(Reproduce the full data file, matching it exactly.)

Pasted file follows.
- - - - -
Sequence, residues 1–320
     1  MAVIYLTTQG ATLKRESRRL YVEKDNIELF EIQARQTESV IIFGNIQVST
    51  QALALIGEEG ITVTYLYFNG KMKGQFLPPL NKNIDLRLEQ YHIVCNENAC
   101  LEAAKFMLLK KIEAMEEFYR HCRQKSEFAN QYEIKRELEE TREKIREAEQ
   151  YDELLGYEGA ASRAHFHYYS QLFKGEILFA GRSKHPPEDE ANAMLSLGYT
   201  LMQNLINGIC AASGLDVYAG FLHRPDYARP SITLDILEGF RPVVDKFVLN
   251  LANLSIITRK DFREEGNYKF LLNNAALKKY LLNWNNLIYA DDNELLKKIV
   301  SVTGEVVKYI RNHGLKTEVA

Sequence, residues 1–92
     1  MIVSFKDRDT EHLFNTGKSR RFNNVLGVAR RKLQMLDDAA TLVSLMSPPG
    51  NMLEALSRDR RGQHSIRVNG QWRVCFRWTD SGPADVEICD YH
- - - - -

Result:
Sequence, residues 1–320
     1  MAVIYLTTQG ATLKRESRRL YVEKDNIELF EIQARQTESV IIFGNIQVST
    51  QALALIGEEG ITVTYLYFNG KMKGQFLPPL NKNIDLRLEQ YHIVCNENAC
   101  LEAAKFMLLK KIEAMEEFYR HCRQKSEFAN QYEIKRELEE TREKIREAEQ
   151  YDELLGYEGA ASRAHFHYYS QLFKGEILFA GRSKHPPEDE ANAMLSLGYT
   201  LMQNLINGIC AASGLDVYAG FLHRPDYARP SITLDILEGF RPVVDKFVLN
   251  LANLSIITRK DFREEGNYKF LLNNAALKKY LLNWNNLIYA DDNELLKKIV
   301  SVTGEVVKYI RNHGLKTEVA

Sequence, residues 1–92
     1  MIVSFKDRDT EHLFNTGKSR RFNNVLGVAR RKLQMLDDAA TLVSLMSPPG
    51  NMLEALSRDR RGQHSIRVNG QWRVCFRWTD SGPADVEICD YH